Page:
Corporal John Leyburn

 

 

John Leyburn was born on 4 June 1893 at Raws, Keady, County Armagh, the seventh of twelve children of farmer James Leyburn and his wife Martha (nee Wilson). By 1911 he was living at Raws with his parents and five siblings and working on the family farm. He joined the Royal Irish Constabulary on 18 January 1915 (No.68432) and was posted to Longford six months later.

Leyburn enlisted in the North Irish Horse on 9 January 1916 (his regimental number was one of the following – 2070-72, 2074, 2076-77; later Corps of Hussars No.71688). He embarked for France between 1916 and 1918, where he was posted to one of the three squadrons of the 1st North Irish Horse Regiment.

In October 1917 Leyburn was reported as having been wounded - this probably occurred in July or August 1917.

During 1918 Leyburn applied for a commission. On 8 July he reported for duty at the reception battalion for candidates for commissions at Ripon, and three months later was taken on the strength of an officer cadet battalion. Due to the cessation of hostilities in November 1918, his officer cadet training was not completed.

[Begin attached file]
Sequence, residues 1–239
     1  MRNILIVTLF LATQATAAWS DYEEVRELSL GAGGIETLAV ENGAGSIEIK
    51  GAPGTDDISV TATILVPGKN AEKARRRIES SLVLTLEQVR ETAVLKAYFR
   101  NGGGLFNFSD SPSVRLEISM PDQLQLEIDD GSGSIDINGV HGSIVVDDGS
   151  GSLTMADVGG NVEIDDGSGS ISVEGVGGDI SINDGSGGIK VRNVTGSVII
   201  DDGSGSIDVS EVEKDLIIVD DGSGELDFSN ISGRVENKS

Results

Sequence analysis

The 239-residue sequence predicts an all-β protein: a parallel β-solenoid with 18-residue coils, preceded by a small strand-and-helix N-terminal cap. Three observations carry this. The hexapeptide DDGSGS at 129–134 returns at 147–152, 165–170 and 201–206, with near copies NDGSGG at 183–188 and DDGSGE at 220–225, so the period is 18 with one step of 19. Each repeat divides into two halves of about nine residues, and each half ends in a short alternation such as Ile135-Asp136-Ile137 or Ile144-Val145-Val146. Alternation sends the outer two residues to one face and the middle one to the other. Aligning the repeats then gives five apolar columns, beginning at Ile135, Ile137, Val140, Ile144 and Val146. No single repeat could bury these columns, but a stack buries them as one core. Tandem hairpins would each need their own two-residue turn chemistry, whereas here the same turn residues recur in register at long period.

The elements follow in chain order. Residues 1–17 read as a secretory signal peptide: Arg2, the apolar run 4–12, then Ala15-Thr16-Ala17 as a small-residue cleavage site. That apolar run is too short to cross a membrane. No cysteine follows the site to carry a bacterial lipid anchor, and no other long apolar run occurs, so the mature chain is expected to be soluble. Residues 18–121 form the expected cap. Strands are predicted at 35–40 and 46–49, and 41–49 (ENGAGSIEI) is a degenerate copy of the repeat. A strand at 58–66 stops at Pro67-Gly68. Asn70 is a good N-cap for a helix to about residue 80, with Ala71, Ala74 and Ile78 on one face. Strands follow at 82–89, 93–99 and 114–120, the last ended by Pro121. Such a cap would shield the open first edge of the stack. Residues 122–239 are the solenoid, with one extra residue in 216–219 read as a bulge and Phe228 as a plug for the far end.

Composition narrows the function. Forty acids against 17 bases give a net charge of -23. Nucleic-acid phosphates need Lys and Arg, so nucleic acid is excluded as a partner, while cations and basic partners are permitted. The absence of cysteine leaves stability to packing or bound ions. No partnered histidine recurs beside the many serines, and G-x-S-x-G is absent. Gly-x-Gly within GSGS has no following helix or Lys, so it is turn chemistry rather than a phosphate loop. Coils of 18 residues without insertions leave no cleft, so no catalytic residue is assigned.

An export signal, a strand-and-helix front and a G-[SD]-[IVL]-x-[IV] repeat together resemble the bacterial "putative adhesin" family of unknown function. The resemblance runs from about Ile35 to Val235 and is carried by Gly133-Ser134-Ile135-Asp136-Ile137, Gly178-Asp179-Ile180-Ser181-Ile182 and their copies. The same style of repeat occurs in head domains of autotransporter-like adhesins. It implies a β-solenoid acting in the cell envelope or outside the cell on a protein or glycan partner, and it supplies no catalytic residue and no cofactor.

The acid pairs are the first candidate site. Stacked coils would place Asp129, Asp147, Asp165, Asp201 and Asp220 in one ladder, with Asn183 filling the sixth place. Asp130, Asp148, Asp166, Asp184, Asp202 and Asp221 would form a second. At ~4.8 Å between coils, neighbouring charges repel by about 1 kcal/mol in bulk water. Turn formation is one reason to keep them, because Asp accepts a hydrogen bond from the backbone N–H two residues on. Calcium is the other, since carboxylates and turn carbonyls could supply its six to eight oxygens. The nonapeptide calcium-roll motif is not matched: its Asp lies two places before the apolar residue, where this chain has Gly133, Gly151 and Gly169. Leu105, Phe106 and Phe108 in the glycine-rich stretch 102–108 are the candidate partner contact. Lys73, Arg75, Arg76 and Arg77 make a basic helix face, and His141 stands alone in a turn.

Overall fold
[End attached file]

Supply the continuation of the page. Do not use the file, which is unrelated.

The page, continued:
Leyburn was demobilised and transferred to Class Z, Army Reserve, on 2 June 1919. The following day he was readmitted to the Royal Irish Constabulary, serving at Down until April 1922. He was discharged the following month when the force was disbanded.

 

Leyburn's younger brother James Ingram Leyburn also served in the war, in the North Irish Horse and Royal Irish Rifles.

 

Image from the Belfast Evening Telegraph, from the second quarter of 1918, kindly provided by Nigel Henderson, Researcher at History Hub Ulster (www.greatwarbelfastclippings.com).